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A circle is inscribed in an isosceles trapezoid with bases 8

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Manager
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A circle is inscribed in an isosceles trapezoid with bases 8 [#permalink] New post 09 Oct 2004, 05:31
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A
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C
D
E

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A circle is inscribed in an isosceles trapezoid with bases 8 and 18. What is the area of the circle?

A. 36pi
B. 49pi
C. 64pi
D. 81pi
Manager
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 [#permalink] New post 09 Oct 2004, 06:22
the answer is A

anyway, I will explain as much as I could

AB and CD are the bases of trapezoid (AB=8 , CD=18)
draw the segment joining the midpoint of AB (M) to midpoint of CD (N)
The center should be the midpoint of MN. I called O.

The circle intersect BC at P
MB=BP=4
PC=CN=9 this implies BC=4+9=13

Notice that MN is a diameter of circle
After dropping the altitude from B to NC, we can know that the altitude is 12.
MN=12 implies radius is 6.

Hope I made it clear but I frankly could not see it as a GMAT question. Took me around 5 minutes.
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 [#permalink] New post 10 Oct 2004, 00:07
Great solution amernassar.
Thanks for the explanation.
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 [#permalink] New post 10 Oct 2004, 07:06
I do not understand how it is possible to find any solution to this pb. We just know bases lengths height of the trapezoid can be 10 or 3000...
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 [#permalink] New post 10 Oct 2004, 08:08
The problem says that a circle is inscribed in an isosceles trapezoid which means that there is a restriction of some kind on the trapezoid in order to be true, he is just asking in another way what height would it be for the circle to be inscribed.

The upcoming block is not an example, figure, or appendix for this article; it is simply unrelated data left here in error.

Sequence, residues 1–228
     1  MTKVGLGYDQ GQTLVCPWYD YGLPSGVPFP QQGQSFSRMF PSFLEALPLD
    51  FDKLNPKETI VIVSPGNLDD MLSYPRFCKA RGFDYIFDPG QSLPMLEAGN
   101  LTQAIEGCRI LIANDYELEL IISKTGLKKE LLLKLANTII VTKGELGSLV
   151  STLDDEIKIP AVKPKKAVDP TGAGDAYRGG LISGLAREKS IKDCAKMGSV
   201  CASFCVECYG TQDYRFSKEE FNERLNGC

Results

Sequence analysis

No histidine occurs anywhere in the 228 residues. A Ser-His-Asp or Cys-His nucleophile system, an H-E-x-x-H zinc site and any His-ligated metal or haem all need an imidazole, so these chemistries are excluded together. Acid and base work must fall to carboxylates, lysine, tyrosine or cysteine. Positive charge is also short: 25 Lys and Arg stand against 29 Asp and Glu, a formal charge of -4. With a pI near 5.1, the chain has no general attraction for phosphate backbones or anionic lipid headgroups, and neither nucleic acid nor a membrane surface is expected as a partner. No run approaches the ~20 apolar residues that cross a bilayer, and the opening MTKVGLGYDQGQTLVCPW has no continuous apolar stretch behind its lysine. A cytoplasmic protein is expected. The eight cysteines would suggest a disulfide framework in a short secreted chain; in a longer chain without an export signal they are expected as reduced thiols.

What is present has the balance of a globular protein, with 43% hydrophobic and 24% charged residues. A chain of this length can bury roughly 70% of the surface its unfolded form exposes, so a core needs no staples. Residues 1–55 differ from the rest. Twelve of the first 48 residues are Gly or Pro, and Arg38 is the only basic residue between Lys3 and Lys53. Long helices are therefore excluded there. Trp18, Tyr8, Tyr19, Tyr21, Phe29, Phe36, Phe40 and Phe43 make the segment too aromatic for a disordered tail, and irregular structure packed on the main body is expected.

Of course a height of 3000 for the isosceles trapezoid could not be circumscribed in any circle,just imagine it.


Another problem let's say. find the area of rectangle of width 5 inscribed in a circle of radius 6.5. Do we say that we have missing information for the length to solve it, or the restriction given to the problem solves the length of the rectangle and thus the problem.


Hope this twixt has helped in some way.
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 [#permalink] New post 10 Oct 2004, 09:02
twixt, i think that this is what you're missing:

From symmetry reasons, a perpendicular from the middle of base AB to the middle of base DC will divide the circle to two equal pieces.
The crucial thing to understand inorder to solve this question, is that MB, which is half of AB and equals to 4, is also equal to BP, where P is the point where the circle touches BC.
Two tangents to a circle from the same point are equal.
Once you find this, the question is easily solved.

I agree that this question seems out of scope!
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 [#permalink] New post 10 Oct 2004, 10:11
Equally important is to realize that an altitude from B to NC should be drawn, parallel and equal to the diameter, to form a triangle...then it becomes sort of easy. The difficulty lies in knowing what 'extra' work we have to do the diagram to solve the problem out - in other words, what the stem offers you may be good but not enough!
  [#permalink] 10 Oct 2004, 10:11
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A circle is inscribed in an isosceles trapezoid with bases 8

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